Jordan Harrison is cute - and by the way - he has written a gem which is now playing at Playwrights Horizons . Doris to Darlene, a cautionary valentine is delightful. It requires little advance explanation except to say that Jordan has penned a tale in which music, art and love transcends 3 different eras.
It's told to you like a story - often in the 3rd person - from the perspective of 3 seemingly very different young boys and girls. Wagner and King Ludwig II (the 1800's) , Doris (Darlene) and Vic Watts (1960's) and Mr. Campani and "Young Man" in classroom (current).
What on earth could these people have in common? You guessed it - Music! Each story for it's own era has a different twist but music and love and art permeate each. Young King Ludwig II (Laura Heisler) funded the older Wagner's (David Chandler) musical endeavors (Operas) and was deeply affected and influenced by the deep emotions and splendor he created. Doris, or Darlene as she became, ( de'Adre Aziza) was a creation of Vic Watts (Michael Crane) a "Phil Spector like" music exec in the 1960's. In this story we see a glimpse into the all too familiar story of a young black girl brought to overnight fame by a high flying music exec who fell in love with his client (or was it her music?). Lastly, we witness a young, gay high school boy coming of age (Tobias Segal) who becomes infatuated with his music teacher - a complex older gay gentleman with his own set of issues and desires (Tom Nelis).
Two acts - one hour each. Act I could probably be a bit shorter and crisper - which would make Act II even better. By far Act II is where the story unfolds and the dots are connected on the brilliantly designed ever circulating set (just like a spinning record) among the 3 stories.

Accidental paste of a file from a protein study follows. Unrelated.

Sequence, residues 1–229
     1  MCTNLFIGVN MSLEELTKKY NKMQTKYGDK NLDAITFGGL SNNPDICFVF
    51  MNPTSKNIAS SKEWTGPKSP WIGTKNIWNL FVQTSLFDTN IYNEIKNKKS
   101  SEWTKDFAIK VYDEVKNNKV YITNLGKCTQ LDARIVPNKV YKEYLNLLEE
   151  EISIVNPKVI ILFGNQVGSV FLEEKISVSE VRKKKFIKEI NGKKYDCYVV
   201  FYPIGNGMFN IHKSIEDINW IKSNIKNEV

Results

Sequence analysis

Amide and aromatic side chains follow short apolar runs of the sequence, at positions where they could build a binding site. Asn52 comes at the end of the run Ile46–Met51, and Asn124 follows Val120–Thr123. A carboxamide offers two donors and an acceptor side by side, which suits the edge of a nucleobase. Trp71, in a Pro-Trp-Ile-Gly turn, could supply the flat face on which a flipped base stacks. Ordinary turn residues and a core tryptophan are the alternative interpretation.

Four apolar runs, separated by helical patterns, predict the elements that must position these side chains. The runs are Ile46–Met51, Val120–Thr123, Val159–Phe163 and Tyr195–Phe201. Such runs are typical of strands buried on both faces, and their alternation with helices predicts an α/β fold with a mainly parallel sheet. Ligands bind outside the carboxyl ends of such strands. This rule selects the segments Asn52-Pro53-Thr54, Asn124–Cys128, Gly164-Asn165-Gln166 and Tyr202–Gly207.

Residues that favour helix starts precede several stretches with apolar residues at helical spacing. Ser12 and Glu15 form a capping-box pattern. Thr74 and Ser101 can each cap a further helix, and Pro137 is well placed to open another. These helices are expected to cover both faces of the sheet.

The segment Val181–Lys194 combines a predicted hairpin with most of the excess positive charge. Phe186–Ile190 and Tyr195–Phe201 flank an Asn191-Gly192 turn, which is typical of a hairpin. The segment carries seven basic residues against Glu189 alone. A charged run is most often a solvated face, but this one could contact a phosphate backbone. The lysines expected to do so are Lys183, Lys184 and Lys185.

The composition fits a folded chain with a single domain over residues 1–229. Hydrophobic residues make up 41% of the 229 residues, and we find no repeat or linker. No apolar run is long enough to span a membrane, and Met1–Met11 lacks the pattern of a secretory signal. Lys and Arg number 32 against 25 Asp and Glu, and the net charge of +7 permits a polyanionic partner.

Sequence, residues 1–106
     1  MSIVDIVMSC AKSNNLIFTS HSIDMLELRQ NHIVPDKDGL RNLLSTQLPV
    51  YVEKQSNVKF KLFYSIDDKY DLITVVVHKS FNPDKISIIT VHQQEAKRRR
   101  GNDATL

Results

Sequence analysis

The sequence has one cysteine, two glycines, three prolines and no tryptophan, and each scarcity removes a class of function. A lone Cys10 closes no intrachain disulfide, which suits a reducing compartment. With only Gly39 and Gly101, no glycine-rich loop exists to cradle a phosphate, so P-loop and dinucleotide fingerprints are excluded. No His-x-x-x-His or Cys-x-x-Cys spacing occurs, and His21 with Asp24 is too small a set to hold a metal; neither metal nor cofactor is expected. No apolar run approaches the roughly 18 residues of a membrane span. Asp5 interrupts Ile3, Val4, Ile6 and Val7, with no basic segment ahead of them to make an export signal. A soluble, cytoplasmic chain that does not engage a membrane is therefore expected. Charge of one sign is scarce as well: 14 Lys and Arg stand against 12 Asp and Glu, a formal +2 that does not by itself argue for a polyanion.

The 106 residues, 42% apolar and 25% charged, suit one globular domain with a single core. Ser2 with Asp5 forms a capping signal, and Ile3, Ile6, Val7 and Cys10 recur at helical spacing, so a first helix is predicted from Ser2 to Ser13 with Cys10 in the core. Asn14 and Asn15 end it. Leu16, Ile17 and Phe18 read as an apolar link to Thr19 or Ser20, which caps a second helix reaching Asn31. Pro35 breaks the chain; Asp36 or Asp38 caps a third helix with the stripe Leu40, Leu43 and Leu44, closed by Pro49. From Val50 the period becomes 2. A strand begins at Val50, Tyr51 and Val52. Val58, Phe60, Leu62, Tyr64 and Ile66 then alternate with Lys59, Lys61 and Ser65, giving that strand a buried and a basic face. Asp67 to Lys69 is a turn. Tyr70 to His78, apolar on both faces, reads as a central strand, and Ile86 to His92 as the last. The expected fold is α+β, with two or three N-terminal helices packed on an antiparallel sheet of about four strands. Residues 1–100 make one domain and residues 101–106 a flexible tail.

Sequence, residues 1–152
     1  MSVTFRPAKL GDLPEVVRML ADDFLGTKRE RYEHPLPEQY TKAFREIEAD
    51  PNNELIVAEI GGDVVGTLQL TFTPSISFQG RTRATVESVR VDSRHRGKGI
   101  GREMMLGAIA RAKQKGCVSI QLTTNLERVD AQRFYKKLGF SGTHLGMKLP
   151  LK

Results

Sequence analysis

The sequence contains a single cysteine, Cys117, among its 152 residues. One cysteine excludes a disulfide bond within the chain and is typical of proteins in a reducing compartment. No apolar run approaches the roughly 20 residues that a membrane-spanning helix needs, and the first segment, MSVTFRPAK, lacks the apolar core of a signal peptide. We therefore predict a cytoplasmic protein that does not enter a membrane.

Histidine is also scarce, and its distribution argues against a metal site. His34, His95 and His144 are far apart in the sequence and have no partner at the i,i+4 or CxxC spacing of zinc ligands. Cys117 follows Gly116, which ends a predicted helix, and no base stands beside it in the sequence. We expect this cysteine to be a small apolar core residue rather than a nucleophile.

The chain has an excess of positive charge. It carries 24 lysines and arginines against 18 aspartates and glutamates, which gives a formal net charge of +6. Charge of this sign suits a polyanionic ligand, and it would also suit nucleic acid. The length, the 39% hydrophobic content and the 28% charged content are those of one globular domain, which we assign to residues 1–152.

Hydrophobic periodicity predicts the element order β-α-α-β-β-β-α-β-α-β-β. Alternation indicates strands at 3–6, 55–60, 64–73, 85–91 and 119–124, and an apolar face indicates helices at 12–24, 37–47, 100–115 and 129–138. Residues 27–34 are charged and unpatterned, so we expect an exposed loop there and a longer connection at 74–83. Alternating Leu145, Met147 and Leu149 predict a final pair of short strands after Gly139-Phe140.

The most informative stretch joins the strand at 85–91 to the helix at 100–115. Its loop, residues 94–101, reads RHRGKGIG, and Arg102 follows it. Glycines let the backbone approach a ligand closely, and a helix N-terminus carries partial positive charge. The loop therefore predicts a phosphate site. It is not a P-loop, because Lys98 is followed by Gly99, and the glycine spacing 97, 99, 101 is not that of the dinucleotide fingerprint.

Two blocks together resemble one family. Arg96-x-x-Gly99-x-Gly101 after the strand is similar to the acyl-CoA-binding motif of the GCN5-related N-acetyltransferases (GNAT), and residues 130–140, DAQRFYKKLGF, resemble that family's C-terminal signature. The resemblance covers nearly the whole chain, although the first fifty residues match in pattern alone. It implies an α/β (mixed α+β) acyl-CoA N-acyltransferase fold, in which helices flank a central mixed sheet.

Get out your running shoes out. This gem is not to be missed!
This tour-de-force is packed onto a stark glass stage with only 3 metal chairs at Manhattan Theater Club Stage II. Written by emerging Irish playwright Abbie Spallen, the story unfolds in rural Ireland where where 3 lives begin to collide.
A young tomboy-ish gas pump girl (Hannah Cabell) gets tangled up with a local race car driver and his friends and ultimately his children. At the same time, the race car driver's unhappy and disenchanted wife manages to get equally tangled up with the same friends. As their rough and raw lives collide, the crescendo of the drama unfolds - with tragic consequences for all in the end.
I have to say that Spain was the most abstract play that I have seen in a while. I have even read a few reviews after seeing it and I wonder if they give the same performance each night at the Lucille Lortell Theater! Hallucination? Dreams? Desires? Simmering emotions below the surface? What exactly was this play about?
Annabella Sciorra did hold command of the stage in this rather bizarre tale. and the fine support of Veanne Cox and Lisa Kron (in yet another bizarre role) certainly helped to keep us from walking out.